South Africans will start paying tax on sugary drinks from 1 April 2018, according to an Act gazetted on 14 December, reports Health-e News. According to the Rates and Monetary Amounts and Amendment of Revenue Laws Act, a “health promotion levy” will be introduced on this date. With this levy, the first 4 grams of sugar per 100ml are to be exempt. Thereafter, a tax of 2.1c per gram of sugar will be levied. This works out to be a tax of approximately 10% of a can of Coca Cola.
According to the Act, if a manufacturer does not provide information on the sugar content of its drink, the drink will be taxed based on a default rate of 20g of sugar per 100ml.
The report says the Healthy Living Alliance (HEALA) welcomed the promulgation of the health promotion levy, which introduces a tax on sugary drinks. “We applaud the leadership of this country for prioritising the health of millions of South Africans over the narrow interests of the beverage and sugar industries,” said HEALA co-ordinator Tracey Malawana. “While the levy is a victory for public health, we still believe that it should be increased to 20% in order for it to have a significant impact.”
The report says sugary drinks play a major role in obesity, and a range of related diseases including diabetes, hypertension, strokes and cancer.
“HEALA will continue to advocate for a stronger tax in the coming year and we will also be monitoring government spending to ensure that the proceeds from the tax will be spent on health promotion,” added Malawana, saying that her organisation wanted a 20% tax on sugary drinks. This is the first step in the right direction for South Africa to tackle its burden of non-communicable diseases and obesity.”
The report says the Beverage Association of SA (BevSA) has campaigned relentlessly against the tax, which is says is “punitive” and will hurt the economy and not address obesity. However, Malawana said it is a tax that no one needs to pay if they can curb their sweet tooth.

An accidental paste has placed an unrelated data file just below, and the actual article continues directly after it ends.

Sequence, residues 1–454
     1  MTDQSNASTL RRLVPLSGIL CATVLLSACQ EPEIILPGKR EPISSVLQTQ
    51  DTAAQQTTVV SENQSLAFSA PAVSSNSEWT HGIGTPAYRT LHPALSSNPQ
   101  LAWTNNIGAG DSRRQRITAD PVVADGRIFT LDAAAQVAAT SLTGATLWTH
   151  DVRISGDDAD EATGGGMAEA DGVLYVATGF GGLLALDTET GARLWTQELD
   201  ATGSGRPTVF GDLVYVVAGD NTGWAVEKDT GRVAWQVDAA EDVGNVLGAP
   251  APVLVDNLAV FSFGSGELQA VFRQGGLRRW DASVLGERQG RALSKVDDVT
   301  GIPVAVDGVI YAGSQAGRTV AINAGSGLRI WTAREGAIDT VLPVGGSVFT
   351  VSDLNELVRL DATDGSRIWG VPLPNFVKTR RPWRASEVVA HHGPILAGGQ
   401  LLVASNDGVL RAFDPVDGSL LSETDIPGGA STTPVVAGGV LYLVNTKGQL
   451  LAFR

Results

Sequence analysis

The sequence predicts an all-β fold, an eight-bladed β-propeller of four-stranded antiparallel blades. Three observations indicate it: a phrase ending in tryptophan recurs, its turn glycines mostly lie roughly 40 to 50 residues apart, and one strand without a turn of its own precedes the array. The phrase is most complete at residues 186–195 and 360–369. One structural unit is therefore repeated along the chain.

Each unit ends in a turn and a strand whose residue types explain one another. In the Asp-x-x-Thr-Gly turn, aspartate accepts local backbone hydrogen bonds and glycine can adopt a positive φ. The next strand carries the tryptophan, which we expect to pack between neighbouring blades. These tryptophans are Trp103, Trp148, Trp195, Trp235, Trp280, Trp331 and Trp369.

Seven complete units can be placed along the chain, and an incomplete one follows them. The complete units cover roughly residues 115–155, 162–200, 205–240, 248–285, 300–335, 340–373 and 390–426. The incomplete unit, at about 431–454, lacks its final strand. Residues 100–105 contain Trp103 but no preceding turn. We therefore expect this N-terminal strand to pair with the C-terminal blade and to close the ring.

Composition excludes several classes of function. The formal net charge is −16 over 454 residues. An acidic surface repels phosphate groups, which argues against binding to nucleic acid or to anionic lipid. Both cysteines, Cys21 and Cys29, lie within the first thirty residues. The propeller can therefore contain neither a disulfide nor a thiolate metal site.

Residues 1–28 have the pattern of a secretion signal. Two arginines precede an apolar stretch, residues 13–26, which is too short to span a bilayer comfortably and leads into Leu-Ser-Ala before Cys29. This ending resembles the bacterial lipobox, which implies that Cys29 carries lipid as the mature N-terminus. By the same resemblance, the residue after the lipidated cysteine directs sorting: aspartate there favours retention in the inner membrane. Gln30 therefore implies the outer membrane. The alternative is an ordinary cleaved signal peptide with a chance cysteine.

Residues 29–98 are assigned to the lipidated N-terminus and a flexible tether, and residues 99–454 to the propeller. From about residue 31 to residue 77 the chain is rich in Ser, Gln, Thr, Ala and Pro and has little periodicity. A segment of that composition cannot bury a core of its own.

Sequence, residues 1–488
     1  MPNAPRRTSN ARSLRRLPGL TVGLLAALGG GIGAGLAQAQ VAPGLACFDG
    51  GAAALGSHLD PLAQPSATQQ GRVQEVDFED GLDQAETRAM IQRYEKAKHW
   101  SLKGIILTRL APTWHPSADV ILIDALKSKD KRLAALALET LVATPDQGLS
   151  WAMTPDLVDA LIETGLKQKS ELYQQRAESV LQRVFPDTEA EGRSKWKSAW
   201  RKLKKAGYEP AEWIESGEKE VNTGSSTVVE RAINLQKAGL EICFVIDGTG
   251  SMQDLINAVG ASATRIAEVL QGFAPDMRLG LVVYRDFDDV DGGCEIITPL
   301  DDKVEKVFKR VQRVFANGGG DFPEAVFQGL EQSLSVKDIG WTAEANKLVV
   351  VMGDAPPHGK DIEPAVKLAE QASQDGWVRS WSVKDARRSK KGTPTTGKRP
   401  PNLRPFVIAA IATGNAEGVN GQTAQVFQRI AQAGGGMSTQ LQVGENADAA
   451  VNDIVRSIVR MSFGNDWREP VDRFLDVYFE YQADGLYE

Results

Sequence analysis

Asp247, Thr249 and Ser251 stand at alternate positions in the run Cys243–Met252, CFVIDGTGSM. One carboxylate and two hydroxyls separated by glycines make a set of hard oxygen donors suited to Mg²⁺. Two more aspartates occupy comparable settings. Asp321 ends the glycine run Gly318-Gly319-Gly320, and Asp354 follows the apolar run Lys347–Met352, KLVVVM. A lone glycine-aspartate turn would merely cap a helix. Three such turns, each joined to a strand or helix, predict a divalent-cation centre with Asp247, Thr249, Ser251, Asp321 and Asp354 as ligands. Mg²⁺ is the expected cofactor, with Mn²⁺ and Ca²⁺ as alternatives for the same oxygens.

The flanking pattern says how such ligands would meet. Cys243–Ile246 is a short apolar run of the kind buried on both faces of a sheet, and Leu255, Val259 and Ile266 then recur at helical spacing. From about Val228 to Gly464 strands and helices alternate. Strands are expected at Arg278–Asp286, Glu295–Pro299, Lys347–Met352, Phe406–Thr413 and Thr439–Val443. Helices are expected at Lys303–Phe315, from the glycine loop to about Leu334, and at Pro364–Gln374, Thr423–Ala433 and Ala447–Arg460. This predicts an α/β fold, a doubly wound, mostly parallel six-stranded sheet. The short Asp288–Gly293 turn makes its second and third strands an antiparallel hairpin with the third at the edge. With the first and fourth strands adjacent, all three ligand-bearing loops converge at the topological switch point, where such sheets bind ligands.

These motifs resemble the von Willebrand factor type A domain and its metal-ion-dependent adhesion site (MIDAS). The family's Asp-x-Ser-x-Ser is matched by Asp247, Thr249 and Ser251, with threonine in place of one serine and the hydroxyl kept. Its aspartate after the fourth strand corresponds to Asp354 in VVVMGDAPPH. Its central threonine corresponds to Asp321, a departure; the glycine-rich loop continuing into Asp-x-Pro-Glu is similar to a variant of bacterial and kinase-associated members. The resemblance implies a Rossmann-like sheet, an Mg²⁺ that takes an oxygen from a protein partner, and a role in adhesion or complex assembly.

The fact that sugary drinks are a major cause of obesity and diabetes came into focus at the recent Cardio Vascular Disease Imbizo . Health-e News reports that speaking at the Imbizo, Lynn Moeng Mahlangu, the cluster manager of health promotion and nutrition at the National Health Department, said that the consumption of sugar-sweetened beverages or SSBs has strongly been linked with type 2 diabetes.
“In 2013 the Department of Health developed a strategy to tackle non-communicable diseases, and one of the keys was to reduce sugar intake by 10%,” she said. Moeng Mahlangu said that South Africa is in the top three countries in Africa when it comes to people living with obesity.
She said one of the reasons for this is the high cost of healthy food. “People choose healthy products because they are cheaper,” said Moeng Mahlangu. “This is one of the debates we are having, involving other departments like agriculture,” she said.
“Our children are consuming 40-to-60 grams of sugar a day. This means their intake is between 100 and 200% more than they should,” she said. She said this was a dangerous situation as obese children generally tended to remain obese throughout life, and much of this was due to the consumption of sugary drinks.
According to Professor Karen Sliwa, director of the Hatter Institute for Cardiovascular Research in Africa and president-elect of the World Heart Federation, there is overwhelming data to confirm that a very high sugar intake has a negative impact on health. “It is bad in many ways. It makes us obese, especially when we don’t move enough,” she said. “You can develop diabetes, high blood pressure, you can develop heart disease or have a stroke,” said Sliwa, adding that these factors can lead to long periods of ill health or early death.
According to Sliwa, implementing a tax on sugar tax is one way of trying to combat this disease, as making SSBs more expensive would drive down consumption. “By decreasing the amount of sugar in beverages we can address some of those issues,” she said, adding that a sugar tax alone was not enough to address the problem properly.
“Although the sugar beverage tax will hopefully show the same results experienced in other countries where it saw a decrease in obesity, the core issues around poverty still needed to be looked at,” said Sliwa.
She said it was important for government to take the lead and make South Africa one of the first countries in Africa to implement the tax. Sliwa said that educating the people on healthy living was important.
“Some people don’t know that if you are short of breath it can mean that your heart is failing. People don’t know that there is no cure for diabetes and that you always have to take your medication,” she said.
Professor Liesl Zuhlke, president of the South African Heart Association said the health of children needed to be made a priority. “If you are fat at 13 years, it’s possible that you will stay fat until you are old,” she said, explaining why children needed to be taught to make good choices for themselves.